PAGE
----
185-unit mixed use development. police say the protesters were warned to leave last friday. the willie brown bridge? it could happen. some california lawmakers are proposing the name for the western span of the bay bridge. san bernardino assembly woman sheri brown was one of the authors of the legislation. she said it is fitting to name the span after brown because he was able to bridge all kinds of people during his political career. she said when brown was mayor of san francisco, he had significant input on the seismic upgrade of the bay bridge. the measure needs a majority vote in the legislate tower take effect. vote. still ahead, waiting for the new decision. how bay area citizens are preparing for the possibility of legal same sex marriages. >> if you do the same thing the same way for the same people, we won't progress. >> he revolutionized medicine
and then made his name in wine. now he is trying to give others the same chance of success that he had. also -- ♪ o say can you see >> a beautiful rendition turns into an ugly conversation online. how this little boy is sparq debate on bullying. weather center wall to wall sunshine from the coastline to the interior valleys and it continues to remain clear in emeryville. we'll let you know how long this will stick around.
before the end of the month, the u.s. supreme court is expected to rule on california's same sex marriage ban and bay area cities have begun preparing. the highest court strikes down proposition 8. city hall is deputizing clerks to help with everything from officiating the wedding to entering the paperwork into the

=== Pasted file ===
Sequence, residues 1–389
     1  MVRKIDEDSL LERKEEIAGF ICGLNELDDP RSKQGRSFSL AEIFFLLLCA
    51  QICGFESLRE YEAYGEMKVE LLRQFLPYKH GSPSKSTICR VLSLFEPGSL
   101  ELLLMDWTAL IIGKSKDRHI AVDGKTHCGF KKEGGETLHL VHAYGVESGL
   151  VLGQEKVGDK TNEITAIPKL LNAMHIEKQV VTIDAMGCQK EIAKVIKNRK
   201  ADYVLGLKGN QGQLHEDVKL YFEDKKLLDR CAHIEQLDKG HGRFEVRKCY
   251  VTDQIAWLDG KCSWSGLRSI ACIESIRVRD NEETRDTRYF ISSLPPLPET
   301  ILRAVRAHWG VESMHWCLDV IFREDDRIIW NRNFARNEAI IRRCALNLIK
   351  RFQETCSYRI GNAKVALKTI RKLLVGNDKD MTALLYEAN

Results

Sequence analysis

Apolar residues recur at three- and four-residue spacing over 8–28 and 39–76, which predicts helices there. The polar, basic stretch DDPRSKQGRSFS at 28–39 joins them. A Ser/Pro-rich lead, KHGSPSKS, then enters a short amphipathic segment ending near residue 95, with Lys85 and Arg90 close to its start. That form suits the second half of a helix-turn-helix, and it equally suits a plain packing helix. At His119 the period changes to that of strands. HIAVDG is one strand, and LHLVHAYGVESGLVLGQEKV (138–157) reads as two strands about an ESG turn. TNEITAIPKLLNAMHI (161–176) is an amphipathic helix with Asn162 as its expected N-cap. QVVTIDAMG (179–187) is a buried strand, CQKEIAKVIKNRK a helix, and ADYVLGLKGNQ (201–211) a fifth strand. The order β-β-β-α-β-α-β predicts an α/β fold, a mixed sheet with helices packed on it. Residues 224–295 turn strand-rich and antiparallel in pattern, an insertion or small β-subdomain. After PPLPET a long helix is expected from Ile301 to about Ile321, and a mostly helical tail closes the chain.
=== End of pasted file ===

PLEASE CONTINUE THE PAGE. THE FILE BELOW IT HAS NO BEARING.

city's computers. the goal is to quickly train 50 clerks to join dozens of other volunteers. the county administrator expects hundreds, maybe thousands of same sex couples to begin filing for marriage licenses if the justices clear the way. >> we want to make sure anyone who wants to get married on that day can. we're extending business hours, streamlining the process so you can get your marriage license issued. >> san francisco's city attorney believes if the court strikes down california's same sex marriage ban, it will include a 30-day ruling. the city issued 5,300 marriage licenses during the 99 days same sex marriages were allowed. today the supreme court did rule unanimously that human dna cannot be patented. that could have a pro found effect on the medical and biotech industries. geneticett sifts say the ruling will allow more company to research with dna, without the fear of a lawsuit.
that could mean more breakthroughs for patients. many say it will reduce costs and increase access to genetic testing being used to determine breast cancer risk. genetic testing is the same kind of testing that actress angelina jolie took to discover she was at high risk for ovarian cancer. for many, the name dan fogerty means one thing, wine. it has been a favorite tasting spot since it opened in the early 1980s. >> but not just the wine. he's made an impact in another field. it is a one of a kind. >> that's right. tucked inside thomas fogerty's very lengthy resume was a stint as a venture camdenist. that's important because it has to do with venture capital or the lack these days for medical start-ups. something fogerty believes is the result of excessive regulation by the fda. something he said that threatens to stifle invasion in this field. what he is doing about it.